Inflammatory Bowel Diseases (IBD), consisting of Ulcerative colitis (UC) and Crohn's disease (CD), are chronic progressive inflammatory conditions of the intestine. Numerous lines of evidence suggest their origins lie in an overaggressive response of the host immune system towards the gut microbiota in a genetically susceptible host. We hypothesize a key feature of IBD is the persistent colonization by colitogenic microbial strains that over years to decades can drive the progressive inflammation and damage associated with IBD. To test this hypothesis we propose three Aims.
In Aim 1, we will sample, every six months for four years, the fecal microbiota of individuals with Inflammatory Bowel Disease (UC or CD) whose gut microbiota induces disease when colonized in the gnotobiotic T-cell transfer mouse model of colitis. We will use metagenomics combined with high throughput microbial isolation and genome sequencing to identify the stable and transient microbes in each individual's microbiota and determine if individuals with IBD have significantly altered gut microbiota stability.
In Aim 2, we will use gnotobiotic T-cell transfer colitis mice colonized with subsets of each microbiota to identify colitogenic and colitoprotective microbial strains and to determine if colitogenic or colitoprotective organisms are preferentially found in the stably colonized community members. Finally in Aim 3, we will determine if colitogenic and colitoprotective strains drive unique baseline immune tones when colonized in unchallenged gnotobiotic mice. Together these aims will help us determine if individuals with Inflammatory Bowel Disease are enriched in stably colonized colitogenic organisms whose elimination might form a novel therapeutic intervention for the treatment or prevention of Inflammatory Bowel Disease and if healthy individuals are enriched in stably colonized colitoprotective organisms that might form the basis of a novel IBD therapeutic.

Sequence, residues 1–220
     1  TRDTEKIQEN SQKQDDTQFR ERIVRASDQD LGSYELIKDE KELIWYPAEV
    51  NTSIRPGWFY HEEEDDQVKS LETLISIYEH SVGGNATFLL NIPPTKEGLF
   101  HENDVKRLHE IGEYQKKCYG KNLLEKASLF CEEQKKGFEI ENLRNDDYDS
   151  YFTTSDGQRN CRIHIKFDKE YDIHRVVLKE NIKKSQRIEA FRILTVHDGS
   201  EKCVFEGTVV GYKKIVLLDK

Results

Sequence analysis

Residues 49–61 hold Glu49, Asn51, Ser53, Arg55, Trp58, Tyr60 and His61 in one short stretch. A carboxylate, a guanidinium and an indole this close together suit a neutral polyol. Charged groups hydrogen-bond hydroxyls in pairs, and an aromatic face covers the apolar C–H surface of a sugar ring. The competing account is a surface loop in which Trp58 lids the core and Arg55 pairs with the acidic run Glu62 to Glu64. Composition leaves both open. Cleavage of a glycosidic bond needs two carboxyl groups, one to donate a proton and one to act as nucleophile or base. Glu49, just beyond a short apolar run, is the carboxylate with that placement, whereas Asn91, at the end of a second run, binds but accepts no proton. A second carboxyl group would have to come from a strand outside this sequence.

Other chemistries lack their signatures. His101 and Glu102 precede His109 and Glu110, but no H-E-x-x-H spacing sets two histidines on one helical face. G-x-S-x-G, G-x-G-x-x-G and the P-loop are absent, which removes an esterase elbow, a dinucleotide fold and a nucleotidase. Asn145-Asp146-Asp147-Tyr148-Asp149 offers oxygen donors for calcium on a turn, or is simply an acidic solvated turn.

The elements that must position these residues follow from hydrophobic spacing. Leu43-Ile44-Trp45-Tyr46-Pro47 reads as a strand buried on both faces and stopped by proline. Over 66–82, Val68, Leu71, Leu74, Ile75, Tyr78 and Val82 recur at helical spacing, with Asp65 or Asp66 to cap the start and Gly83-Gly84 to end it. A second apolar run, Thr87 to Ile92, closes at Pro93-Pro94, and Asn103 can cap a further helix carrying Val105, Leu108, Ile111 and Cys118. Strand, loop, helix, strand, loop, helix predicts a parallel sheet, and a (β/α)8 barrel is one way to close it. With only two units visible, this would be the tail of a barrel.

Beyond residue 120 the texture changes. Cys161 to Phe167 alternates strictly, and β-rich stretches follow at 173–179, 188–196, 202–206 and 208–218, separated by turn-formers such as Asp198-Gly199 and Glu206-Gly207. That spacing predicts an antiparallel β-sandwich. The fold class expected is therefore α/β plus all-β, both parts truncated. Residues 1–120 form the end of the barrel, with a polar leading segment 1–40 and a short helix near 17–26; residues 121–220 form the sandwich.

Public Health Relevance

The nature of Inflammatory Bowel Disease (IBD) suggests genetically susceptible individuals are persistently colonized with mildly pathogenic microbial strains or communities that drive the chronic progressive intestinal disease. The majority of human gut microbiota strains remain stably colonized in our gastrointestinal tract from years to decades. Using microbial strain tracking methods, gnotobiotic mouse models of colitis, and human fecal and serum samples, we will test the hypothesis that proinflammatory microbes in the gastrointestinal tract of individuals with IBD will be preferentially found amongst the stable members of their gut microbiota.

National Institute of Health (NIH)
National Institute of Diabetes and Digestive and Kidney Diseases (NIDDK)
Research Project (R01)
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Gastrointestinal Mucosal Pathobiology Study Section (GMPB)
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Perrin, Peter J
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Icahn School of Medicine at Mount Sinai
Schools of Medicine
New York
United States
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